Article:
As the World’s societies and economies are now globally interlinked, the impact of a collapse would also be global. Should economic decline lead to the loss of our present technological edge for space, there is no promise written in the stars that our species would again be able to build a space program. The plight of the survivors of such a collapse would be terrible, knowing that they could have been star-farers, but became prisoners on a rock in space. Their fate would make a mockery of all our present industrious efforts to build this amazing civilization, which we are so proud of and think could never end. If our window of opportunity to expand into space should prove to be narrow, then inaction now would threaten the future survival of our species. Until we establish a sustainable human presence beyond Earth and begin to open the way to the stars, we are at the mercy of a rather dangerous and unpredictable old Universe, just like the dinosaurs.
Toward a Solar Economy
One daunting challenge along the road to successfully establishing a human presence beyond Earth, is the extremely high level of expense involved with space development. If, however, expanding into space helps to ensure our survival, our success would be an insurance policy that we may not be able to afford to live on Earth without. Our star is absolutely and extravagantly wasteful with energy, throwing out huge volumes in every direction. The Earth has captured a mere micro percentage of this energy, which has been the fuel for life and the natural production of all fossil fuels.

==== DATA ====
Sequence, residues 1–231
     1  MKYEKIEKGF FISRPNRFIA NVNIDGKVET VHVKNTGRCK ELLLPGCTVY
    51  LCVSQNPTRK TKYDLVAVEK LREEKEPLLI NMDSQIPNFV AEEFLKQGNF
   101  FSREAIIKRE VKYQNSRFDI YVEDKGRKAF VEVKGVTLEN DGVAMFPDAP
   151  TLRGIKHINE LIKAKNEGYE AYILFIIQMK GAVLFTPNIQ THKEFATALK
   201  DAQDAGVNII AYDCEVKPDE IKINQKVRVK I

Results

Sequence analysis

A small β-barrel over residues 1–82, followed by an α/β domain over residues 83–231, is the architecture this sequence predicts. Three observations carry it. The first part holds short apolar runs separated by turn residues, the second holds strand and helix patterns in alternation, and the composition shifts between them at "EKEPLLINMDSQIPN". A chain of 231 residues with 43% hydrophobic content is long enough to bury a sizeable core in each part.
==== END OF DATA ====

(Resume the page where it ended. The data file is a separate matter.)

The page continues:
Our Solar System is also highly abundant in raw materials among the asteroids and planets and once we access the unlimited energy-well of our star directly in space, there will be no lack of energy for industry above Earth and across the Solar System.
When industry has been established in space, a stage in development would eventually be reached where there would no longer be any need for further supplies from the Earth. Once the Solar economy achieves a sustainable presence beyond Earth, it would press on to far outgrow the economy of the Earth. I describe a sustainable presence beyond Earth, from where there would be no danger or risk of human society in space failing and falling back to Earth, as the Solar Economy Liberty Line. Once the principle of the Liberty Line is accepted, then the most logical plan would be to aim to secure this level of Solar development, so that humanity is no longer dependent on the Earth. This will allow our civilization to grow and at the same time permit the Solar society to plan for a much gentler approach with our presence on Earth. Then life can begin to recover from the centuries of human industrial endeavour, allowing evolution to continue its amazing pageant and produce an endless number of new species of life.